Sounds like what happened with the Realms population, doesn't it? Back in the early 2000s, the game was positively humming. Thousands of active characters exploring the one seemingly big boom.........and then, as time goes on, a slower pace of new faces to the Realms...sounds like the end days began, and the human population was culled. A large amount at first, due to the total size of the human population, but then less, because there are less humans left alive to die. Kind of an eerie prospect, huh? While our characters are roaming around the Realms, the end of the world has been going on...

Anywho, this post has gone on long enough and is a clear indicator that I've been watching far too many Youtube videos on video game theories. But it was a fun concept to think about and led much farther than I initially thought it would. And it's doubly amusing because I'm planning to do a few minor runs in the Underworld with my shiny new Nasr soon!

Thursday, 1 January 2015

January questing begins

Happy new year!

Arcanes has begun a new quest for January - one that I think I can take part in, maybe (just maybe) get top spot! The prizes are pretty handy, too.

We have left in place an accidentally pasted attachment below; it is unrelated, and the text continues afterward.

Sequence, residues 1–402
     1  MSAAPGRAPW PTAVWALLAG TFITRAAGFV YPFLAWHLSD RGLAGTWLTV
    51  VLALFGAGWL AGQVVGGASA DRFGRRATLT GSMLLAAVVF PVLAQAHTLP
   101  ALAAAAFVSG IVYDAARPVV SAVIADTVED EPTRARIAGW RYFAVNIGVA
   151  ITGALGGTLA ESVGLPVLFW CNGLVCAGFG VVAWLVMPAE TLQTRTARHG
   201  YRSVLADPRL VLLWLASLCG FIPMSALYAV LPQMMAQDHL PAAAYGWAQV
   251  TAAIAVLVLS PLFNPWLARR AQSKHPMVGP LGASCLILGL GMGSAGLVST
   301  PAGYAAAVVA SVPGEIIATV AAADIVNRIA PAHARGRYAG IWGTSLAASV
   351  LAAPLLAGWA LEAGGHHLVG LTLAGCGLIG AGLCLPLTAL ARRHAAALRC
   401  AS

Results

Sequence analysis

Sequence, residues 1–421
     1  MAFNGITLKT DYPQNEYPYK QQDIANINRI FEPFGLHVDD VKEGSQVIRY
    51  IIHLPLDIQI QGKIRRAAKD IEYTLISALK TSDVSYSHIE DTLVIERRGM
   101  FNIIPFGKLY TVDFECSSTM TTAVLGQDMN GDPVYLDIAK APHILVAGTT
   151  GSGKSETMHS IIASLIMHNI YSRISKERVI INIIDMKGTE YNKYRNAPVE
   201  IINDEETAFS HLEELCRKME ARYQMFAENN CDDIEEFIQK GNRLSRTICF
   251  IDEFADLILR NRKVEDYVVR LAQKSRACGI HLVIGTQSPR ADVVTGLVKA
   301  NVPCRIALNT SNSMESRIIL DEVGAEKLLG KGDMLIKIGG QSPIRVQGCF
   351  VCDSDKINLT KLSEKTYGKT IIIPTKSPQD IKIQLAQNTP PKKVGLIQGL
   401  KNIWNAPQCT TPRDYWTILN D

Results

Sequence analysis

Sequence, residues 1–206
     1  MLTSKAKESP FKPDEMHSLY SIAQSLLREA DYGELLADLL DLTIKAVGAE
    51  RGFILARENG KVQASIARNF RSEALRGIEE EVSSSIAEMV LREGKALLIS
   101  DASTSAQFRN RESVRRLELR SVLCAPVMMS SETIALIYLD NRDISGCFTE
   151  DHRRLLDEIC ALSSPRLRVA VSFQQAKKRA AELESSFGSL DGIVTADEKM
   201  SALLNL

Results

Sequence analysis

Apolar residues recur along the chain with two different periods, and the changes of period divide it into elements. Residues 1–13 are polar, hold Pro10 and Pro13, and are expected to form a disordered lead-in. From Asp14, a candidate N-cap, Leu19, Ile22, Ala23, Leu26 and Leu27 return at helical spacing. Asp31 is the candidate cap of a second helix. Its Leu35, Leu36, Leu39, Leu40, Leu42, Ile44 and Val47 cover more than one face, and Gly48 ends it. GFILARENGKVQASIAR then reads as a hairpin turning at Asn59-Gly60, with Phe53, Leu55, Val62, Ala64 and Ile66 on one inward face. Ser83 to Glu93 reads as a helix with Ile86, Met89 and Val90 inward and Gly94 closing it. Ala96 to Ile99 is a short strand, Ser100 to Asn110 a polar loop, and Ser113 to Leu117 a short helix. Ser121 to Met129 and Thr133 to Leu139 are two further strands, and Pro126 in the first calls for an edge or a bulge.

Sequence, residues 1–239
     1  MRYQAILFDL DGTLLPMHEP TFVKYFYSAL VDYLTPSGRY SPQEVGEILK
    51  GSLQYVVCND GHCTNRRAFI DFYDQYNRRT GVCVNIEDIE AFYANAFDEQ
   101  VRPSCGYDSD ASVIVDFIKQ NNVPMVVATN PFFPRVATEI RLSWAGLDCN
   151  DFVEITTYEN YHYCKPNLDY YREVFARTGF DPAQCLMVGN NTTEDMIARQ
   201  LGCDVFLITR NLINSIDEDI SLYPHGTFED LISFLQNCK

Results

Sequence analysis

A wordsearch was posted on the noteboard with the names of 30 different items hidden inside...I've found 28, possibly 29 of them. I'll have to check on the 29th to make sure that combination of letters wasn't just a coincidence. I'm missing the last one, but looking at the puzzle too long gives me a headache :P

The goal is to collect as many of these items as we can within the month; one main stipulation is that we aren't allowed to buy any of the pieces, which is fair. Some of them are easy items like scorched band of glass and so on, while others are a bit trickier like shifting black flames (time to prep my ranger!), and still others require a bit of teamwork to make easier. Nonetheless, I hope to document the progress of my quest as I go...I'll obviously be revealing the items I've found, but honestly the wordsearch isn't *too* difficult.

I had some spare time at work today, and was already able to nab a few of the easier items on the list:
scorched band of glass, ice girth, crystal dragon bracer, sash of the magi. Off to a good start to the new year, too, because I already learned something! The Grand Mistress in the High Tower of Sorcery felt like it should have been much easier than it actually was. It wasn't until I'd already defeated her and looted the sash that I realized I'd been wielding a magical weapon the entire time, when only non-magic weapons hit her, hahaha. So the fight should have gone a hundred times quicker...but shieldbash eventually got her down ;)

Here's to a newer, and greater, year!